This only added to the suspicion that the club itself had acted to restrict its own players freewill. Of course, at this point it must be asked – What spooked Manchester United enough to carry out this rather extreme action? The answer to that lies with Sunderland United and England Striker, Darren Bent. In July 2009, Bent was negotiating a transfer from his then-club Tottenham Hotspur to Sunderland United. During these negotiations, Bent used his Twitter account to criticise Tottenham’s chairman. Daniel Levy for delaying the process, as well as openly tweeting to his followers the exact details of the negotiations. Bent eventually signed for £10million.
Larger clubs, however, took note. Manchester United’s management chose to take the action of effectively gagging all of its players, by insisting that they delete their various official Twitter and Facebook profiles so that it could handle effectively control its PR message.
But maybe they’ve missed a trick here. From a business perspective the club may have done the right thing, rather than let an individual potentially (even unwittingly) reveal the clubs inner workings and secrets. They have taken the matter into their own hands. To the outside world, this move appears like an overreaction and seems intrusive, as it is taking away an individuals’ right to express their opinion by denying them access to that platform. The club should have instead taken over and maintained these accounts, or simply vetted them. That way to, the outside world, their presence is maintained, but it is managed internally.
Some would say that this could be seen as misleading, but I would say that it is simply good business. If anything, the recent events surrounding Chelsea and England defender John Terry have shown that football and indeed all high profile sports teams now more than ever need to manage the PR presence of their stars, because letting them manage their own affairs, could seriously damage their own reputation.
Tony Blair, love him or loathe him, you’ve got to give it to him that he’s still the slickest media operator in modern politics. I’d rate him higher than Barack Obama (who practically walked on water during his campaign) and even higher than David Cameron, who despite a good start is failing to find the balance between serious prime minister in waiting and head of the new fluffy Conservatives.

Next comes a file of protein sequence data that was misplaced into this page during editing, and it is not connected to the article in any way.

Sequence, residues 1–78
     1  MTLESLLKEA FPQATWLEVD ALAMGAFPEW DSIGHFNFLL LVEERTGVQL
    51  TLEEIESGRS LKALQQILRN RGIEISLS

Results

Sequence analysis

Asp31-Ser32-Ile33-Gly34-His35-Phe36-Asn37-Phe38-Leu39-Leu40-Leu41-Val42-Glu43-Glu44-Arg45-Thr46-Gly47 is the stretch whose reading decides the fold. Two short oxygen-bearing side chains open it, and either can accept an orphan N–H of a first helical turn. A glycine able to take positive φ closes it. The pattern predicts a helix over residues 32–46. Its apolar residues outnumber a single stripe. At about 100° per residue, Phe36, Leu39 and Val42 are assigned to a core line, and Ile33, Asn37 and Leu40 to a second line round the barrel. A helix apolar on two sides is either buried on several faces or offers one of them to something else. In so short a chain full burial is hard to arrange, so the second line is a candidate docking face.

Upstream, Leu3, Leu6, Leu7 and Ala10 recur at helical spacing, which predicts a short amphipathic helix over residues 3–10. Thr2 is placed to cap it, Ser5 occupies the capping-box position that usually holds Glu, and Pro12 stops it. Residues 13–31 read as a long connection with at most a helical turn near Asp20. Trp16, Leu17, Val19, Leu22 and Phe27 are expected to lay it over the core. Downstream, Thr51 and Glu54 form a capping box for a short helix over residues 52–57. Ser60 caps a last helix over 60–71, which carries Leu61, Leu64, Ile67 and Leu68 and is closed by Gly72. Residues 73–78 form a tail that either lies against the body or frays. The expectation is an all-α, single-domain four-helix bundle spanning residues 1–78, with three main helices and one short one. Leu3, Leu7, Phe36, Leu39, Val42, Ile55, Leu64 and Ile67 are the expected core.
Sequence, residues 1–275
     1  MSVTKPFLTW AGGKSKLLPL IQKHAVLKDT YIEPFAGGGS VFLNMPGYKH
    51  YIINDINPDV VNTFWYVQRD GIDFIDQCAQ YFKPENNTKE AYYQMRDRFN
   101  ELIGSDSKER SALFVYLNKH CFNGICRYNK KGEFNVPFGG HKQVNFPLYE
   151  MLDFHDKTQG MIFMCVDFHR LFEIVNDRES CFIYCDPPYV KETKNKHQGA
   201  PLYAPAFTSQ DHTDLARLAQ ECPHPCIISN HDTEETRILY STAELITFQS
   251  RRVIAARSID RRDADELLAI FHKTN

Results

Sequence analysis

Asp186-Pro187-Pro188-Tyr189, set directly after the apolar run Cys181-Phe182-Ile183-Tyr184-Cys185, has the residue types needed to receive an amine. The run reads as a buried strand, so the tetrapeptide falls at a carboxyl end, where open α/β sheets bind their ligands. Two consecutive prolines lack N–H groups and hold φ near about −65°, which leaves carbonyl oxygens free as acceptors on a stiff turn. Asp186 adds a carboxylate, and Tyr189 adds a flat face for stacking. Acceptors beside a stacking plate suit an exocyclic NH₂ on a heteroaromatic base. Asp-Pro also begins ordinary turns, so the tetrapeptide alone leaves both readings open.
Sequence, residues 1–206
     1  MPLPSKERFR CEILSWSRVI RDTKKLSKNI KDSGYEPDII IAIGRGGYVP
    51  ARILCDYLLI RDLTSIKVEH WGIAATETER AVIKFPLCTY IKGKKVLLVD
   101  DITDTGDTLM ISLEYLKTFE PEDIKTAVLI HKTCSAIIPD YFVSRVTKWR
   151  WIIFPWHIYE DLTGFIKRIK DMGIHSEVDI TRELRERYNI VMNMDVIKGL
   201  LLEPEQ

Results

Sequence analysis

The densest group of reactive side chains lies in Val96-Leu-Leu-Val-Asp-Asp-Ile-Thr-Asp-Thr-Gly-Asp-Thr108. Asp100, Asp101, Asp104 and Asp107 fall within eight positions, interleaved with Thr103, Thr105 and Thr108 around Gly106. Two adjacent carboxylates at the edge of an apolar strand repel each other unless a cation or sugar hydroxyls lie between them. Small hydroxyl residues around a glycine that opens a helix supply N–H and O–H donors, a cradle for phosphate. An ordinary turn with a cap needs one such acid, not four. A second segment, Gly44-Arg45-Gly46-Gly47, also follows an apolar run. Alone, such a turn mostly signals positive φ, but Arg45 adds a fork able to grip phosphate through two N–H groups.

But what makes Blair such a smooth operator? It’s not that he’s natural at this, his manner, tone, measure and gesture have all been practised until they’ve become second nature. The key to his success has always been this ‘natural’ charm, his relaxed facial features allow him to form words in a clear pattern, his slight wry smile and flash of pearly whites gives him that cheeky trust, and most importantly his ability to mix Prime Minister (and now Statesman) with bloke-you’d-not-mind-sharing-a-pint-with.
The ability to communicate a message isn’t just for politicians, and good media training shouldn’t just be for the most pressured CEOs. It should be a fixture of any part of a business that faces the public or the press. The difference in style – regardless of whether it’s facing you directly or talking to you the customer through the press – is often stark.
An organisation that you feel is genuinely upset at itself because its service toward you has been unsatisfactory, but recognises that it is at fault and, most importantly, takes steps to rectify the situation versus a company that shoves you an unpersonalised note apologising for any inconvenience is huge.
Done well, a message communicated in a genuine fashion will console you and consolidate your faith in a brand. Done badly and it will damage the trust and credibility of the brand every time.
The bottom line in business or politics means that you often can’t take the views of every single customer into hand, and you’re never going to keep every single person happy, but it’s the tone and style of your message to them that counts. So work with your communications people to ensure that what you’re saying not only sounds genuine, but actually carries through to authentic business improvement. Your business will benefit, your brand will benefit and most importantly you’ll build customer trust.